43 Pages Posted: 28 Nov 2007 Last revised: 18 Nov 2011
Date Written: September 1, 2008
Protective governance structure is often viewed as costly to minority shareholders who bear the costs of opportunism by entrenched managers. A less common view is that protective governance structures encourage value-enhancing initiative, allowing risk-averse managers to pursue projects they would otherwise forgo. To assess these views we examine the acquisition decisions of S&P 500 firms between 1994 and 2005 and document two entrenching dimensions of governance: founding family presence and larger boards with more inside directors. We find that family firms destroy value when they acquire, consistent with an agency cost explanation for acquisitions. In contrast, firms with large boards and more insiders are more likely to acquire and to create value when they do acquire. These results are consistent with benefits to managerial initiative when managers are insulated from discipline. Finally, we find no systematic evidence that shareholder right limiting provisions either facilitate managerial entrenchment or lead to wealth losses through acquisition activity.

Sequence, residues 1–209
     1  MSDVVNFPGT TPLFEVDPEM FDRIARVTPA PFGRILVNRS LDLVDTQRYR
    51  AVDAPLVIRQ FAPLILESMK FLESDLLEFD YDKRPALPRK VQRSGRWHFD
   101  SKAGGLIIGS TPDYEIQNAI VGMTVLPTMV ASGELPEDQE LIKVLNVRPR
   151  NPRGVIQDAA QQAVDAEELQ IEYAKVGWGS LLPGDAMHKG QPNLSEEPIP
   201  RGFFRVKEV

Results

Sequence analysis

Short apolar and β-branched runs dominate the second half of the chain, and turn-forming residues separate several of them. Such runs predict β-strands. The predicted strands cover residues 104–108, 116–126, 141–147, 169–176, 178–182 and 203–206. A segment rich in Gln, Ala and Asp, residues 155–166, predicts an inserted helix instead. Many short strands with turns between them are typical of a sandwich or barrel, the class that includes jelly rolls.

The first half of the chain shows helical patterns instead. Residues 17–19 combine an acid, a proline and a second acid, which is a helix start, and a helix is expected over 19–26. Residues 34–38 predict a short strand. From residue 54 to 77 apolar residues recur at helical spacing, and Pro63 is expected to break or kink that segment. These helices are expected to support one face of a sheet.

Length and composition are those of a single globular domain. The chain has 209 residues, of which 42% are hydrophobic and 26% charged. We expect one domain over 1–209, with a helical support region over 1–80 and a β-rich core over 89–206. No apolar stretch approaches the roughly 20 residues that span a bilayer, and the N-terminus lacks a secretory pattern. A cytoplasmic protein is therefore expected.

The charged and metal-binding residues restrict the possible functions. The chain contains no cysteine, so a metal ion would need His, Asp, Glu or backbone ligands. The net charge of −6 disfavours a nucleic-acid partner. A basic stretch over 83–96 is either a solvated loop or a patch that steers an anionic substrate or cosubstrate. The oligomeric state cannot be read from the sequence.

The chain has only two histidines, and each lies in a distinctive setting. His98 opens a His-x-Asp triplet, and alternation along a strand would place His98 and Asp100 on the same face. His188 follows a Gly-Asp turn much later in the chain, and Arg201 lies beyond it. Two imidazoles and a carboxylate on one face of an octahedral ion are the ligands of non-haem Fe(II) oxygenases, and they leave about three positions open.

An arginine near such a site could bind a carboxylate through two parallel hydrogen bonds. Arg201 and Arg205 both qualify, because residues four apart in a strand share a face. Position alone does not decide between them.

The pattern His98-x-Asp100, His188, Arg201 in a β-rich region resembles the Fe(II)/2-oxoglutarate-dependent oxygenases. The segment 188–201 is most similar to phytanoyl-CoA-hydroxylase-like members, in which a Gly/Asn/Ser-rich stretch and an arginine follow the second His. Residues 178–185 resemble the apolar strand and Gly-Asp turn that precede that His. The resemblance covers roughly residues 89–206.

Keywords: Acquisitions, Governance, Family, Ownership, Shareholder Rights
JEL Classification: G32, G34
Suggested Citation: Suggested Citation
Bauguess, Scott W. and Stegemoller, Mike, Protective Governance Choices and the Value of Acquisition Activity (September 1, 2008). Journal of Corporate Finance, Vol. 14, No. 5, 2008. Available at SSRN: https://ssrn.com/abstract=1028590